International lenders did not disclose specificities, but said it was part of global cost-cutting plansNovember 26, 2015 11:32
Looking forward, going backwards
Dan Scanlan bemoans the lack of creativity in today’s car industry.
February 21, 2010 5:30 by Dan Scanlan
These are dark days for the automotive industry. The events of the past year have resulted in the elimination of storied brands around the world, and the restructuring of ownership, labor, debtors, and creditors. It’s been a long time coming.
One sign was the American industry’s fascination with retro styling and the resuscitation of old models. The past decade has seen a raft of vehicles harking back to earlier eras.
The muscle car resurgence was perhaps the trend’s boldest sign, with each of the formerly Big Three making their nostalgic bids with the Mustang, Charger, and Camaro respectively.
The saddest part of this exercise was its lack of imagination: These retro versions were about the most exciting things the companies had going. The best that they could do was to look backwards. This not to indict the cars themselves, which certainly have their appeal. The danger for the industry was the lack of inspiration. After it had revived the Charger, Chrysler moved on to the Dodge Challenger, a slightly less than iconic also-ran in the Pony Car era. What would have come next, a new Dodge Dart Swinger?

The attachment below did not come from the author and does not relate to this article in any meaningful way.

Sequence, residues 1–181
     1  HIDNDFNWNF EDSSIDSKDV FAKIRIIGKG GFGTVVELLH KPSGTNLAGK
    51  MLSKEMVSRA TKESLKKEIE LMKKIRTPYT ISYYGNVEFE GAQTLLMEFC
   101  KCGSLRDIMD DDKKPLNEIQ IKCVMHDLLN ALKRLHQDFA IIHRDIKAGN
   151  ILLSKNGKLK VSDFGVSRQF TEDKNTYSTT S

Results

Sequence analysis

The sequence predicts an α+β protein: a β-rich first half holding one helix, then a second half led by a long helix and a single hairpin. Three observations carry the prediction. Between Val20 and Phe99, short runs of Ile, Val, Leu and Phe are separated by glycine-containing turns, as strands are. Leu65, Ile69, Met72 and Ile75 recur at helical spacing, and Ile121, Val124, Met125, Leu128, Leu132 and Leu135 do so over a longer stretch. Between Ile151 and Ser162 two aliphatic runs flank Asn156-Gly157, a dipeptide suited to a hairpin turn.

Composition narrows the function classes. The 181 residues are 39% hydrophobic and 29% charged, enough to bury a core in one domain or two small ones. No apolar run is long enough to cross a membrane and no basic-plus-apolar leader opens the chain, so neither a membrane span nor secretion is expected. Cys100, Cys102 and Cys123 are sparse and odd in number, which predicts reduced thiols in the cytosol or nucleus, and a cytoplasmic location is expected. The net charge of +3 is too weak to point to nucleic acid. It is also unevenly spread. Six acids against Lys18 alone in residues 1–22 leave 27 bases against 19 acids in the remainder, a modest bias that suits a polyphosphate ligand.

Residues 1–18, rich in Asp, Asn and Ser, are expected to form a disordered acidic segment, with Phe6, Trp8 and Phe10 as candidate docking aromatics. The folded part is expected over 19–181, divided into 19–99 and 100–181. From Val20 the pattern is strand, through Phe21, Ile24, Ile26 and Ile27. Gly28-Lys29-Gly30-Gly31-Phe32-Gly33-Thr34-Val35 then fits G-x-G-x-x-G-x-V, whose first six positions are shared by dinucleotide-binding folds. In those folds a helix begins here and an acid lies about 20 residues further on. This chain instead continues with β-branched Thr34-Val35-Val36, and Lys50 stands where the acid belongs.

What was most dangerous about the trend was that it trained the buying public to look backward as well, and not associate Detroit with innovation and leadership. I believe that Ford and GM now have a good chance of being inventive in the coming years. Whether it succeeds or fails, the Chevy Volt will at least show that GM is willing to take some chances, particularly with Bob Lutz saying that he believes the Volt to be the most exciting project of his decades-long involvement in the auto industry.
Ford’s attempts to reposition itself, which began a few years ago, are now bearing fruit with the raft of new models set to sell well as the economy recovers. As for Chrysler, devoid of new models, their fate rests solely on their ability to adapt existing Fiats for the American market. The company will be hoping the Jeep name can sustain them.
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